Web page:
• Last modified 2044 days ago (Nov. 7, 2018)


Veteran reflects on time in Korea

Staff writer

For Walter Norman, joining the Navy in 1951 was a split-second decision that carried implications for the rest of his life.

He graduated that May, and was stationed in Japan by the end of the year.

Norman did work maintaining planes as part of a crew handling surveillance along the Korean coast.

The power of the Navy’s ships made a lasting impression. Artillery from cruisers could be launched 25 miles, readying coastlines for the landing force, he said.

While it was a structured system, he wasn’t worried about details like his rank.

“I was too busy worrying about getting jobs done to worry about competition,” he said. “We all had our jobs to do and everybody was out doing them.”

Norman was impressed by President Dwight Eisenhower’s swift removal of troops from Korea, but noted the continued tensions there as well.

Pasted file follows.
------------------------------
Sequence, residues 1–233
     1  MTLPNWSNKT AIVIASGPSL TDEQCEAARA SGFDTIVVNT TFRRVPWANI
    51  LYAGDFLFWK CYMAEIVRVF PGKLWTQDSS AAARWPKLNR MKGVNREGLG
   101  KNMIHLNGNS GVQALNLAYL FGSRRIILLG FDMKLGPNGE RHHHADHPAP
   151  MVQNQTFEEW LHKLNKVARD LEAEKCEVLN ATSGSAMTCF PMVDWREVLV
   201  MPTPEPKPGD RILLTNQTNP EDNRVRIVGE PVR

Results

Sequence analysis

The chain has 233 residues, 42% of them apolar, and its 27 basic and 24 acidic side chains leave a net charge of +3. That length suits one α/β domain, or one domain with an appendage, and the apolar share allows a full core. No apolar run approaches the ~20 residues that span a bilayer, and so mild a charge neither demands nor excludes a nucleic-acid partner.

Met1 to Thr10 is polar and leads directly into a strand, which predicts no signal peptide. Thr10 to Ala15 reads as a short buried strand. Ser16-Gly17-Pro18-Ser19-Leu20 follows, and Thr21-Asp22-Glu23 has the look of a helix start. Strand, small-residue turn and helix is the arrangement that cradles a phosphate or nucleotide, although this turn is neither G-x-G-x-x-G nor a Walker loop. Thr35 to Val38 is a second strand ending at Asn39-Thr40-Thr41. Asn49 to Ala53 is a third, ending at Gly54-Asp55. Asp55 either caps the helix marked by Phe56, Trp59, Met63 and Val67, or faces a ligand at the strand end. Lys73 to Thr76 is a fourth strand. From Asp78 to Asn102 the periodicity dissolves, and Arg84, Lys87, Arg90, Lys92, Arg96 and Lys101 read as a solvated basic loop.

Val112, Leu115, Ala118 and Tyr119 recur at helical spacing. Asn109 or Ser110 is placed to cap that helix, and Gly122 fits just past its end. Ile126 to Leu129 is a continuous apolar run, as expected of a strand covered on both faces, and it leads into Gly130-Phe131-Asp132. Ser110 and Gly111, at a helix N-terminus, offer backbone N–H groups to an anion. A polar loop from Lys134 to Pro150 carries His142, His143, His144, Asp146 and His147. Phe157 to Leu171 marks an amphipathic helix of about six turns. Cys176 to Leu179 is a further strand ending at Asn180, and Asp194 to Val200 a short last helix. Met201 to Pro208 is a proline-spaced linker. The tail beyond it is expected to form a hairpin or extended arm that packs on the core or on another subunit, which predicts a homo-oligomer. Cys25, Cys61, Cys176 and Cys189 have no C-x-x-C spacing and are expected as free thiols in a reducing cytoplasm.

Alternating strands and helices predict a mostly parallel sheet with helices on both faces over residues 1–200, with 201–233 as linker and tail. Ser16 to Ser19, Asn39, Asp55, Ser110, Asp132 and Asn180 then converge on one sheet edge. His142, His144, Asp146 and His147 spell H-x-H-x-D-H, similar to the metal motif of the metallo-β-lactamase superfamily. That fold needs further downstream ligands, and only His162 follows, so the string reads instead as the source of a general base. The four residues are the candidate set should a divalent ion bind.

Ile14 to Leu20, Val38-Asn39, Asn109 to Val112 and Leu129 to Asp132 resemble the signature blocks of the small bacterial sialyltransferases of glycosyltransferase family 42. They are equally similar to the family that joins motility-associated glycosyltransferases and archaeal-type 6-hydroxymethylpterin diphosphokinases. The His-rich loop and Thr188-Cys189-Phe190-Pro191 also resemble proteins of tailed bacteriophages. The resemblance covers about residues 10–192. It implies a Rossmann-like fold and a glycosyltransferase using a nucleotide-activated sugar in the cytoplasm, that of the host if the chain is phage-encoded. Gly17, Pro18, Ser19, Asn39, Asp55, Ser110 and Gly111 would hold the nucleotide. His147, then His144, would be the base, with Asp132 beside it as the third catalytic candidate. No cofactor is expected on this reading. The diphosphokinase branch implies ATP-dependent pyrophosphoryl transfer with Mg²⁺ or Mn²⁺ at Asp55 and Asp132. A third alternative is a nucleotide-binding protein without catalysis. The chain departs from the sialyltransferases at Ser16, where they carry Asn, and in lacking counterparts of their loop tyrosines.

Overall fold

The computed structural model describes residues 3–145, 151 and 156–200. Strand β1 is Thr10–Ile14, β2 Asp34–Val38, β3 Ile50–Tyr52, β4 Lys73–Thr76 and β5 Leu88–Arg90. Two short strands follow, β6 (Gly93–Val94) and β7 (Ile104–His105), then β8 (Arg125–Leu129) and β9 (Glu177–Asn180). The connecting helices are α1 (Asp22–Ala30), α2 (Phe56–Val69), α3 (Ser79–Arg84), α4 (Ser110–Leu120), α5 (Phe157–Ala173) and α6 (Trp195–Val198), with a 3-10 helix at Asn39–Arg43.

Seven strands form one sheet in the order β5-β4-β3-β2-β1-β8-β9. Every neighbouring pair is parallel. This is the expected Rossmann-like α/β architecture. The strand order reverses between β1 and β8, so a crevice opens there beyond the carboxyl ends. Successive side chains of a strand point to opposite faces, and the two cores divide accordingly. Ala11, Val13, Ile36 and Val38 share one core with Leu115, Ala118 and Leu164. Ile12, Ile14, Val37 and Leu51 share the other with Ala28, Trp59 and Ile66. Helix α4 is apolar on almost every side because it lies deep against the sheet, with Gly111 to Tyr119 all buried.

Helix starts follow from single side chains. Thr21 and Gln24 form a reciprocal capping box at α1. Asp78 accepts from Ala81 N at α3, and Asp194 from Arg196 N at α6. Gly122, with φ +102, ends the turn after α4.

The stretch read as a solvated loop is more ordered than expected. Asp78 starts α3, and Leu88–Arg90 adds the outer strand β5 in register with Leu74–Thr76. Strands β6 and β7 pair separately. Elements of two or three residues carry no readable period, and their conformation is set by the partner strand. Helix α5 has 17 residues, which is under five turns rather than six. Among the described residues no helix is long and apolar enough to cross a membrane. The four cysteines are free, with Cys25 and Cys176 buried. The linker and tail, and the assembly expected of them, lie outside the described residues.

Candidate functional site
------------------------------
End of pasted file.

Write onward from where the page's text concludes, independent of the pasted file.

“By March of ’54, which was what he promised to do, he would stop that war in Korea if he was elected president,” he said. “Well he did, but we had a 38th-Parallel gun barrel-to-gun barrel 65 years after that.”

After returning to the U.S., Norman put his knowledge to work for Cessna Aircraft Company, and earned a couple degrees along the way.

Norman, originally from northeastern Oklahoma, moved to Wichita in ‘59. It was there he met his wife-to-be. They moved to Marion County Lake and eventually to her hometown of Hillsboro.

The couple enjoyed their time together by traveling, visiting 62 countries before her death four years ago.

“She and I were married 49 years when the cancer finally got her,” he said. “We had a long, happy marriage.”

He doesn’t maintain ties with any shipmates from his Korea days, but there is a sense of camaraderie Norman feels for his fellow service members.

“We’re all veterans of the military and we gave everything we had,” he said.

That understanding extends to Hillsboro’s American Legion because they share experiences, regardless of generation or military branch.

“Someone can just say a military command and all of us know what they’re talking about,” he said. “We share a language, everyone went through boot camp and most went through combat.”

Last modified Nov. 7, 2018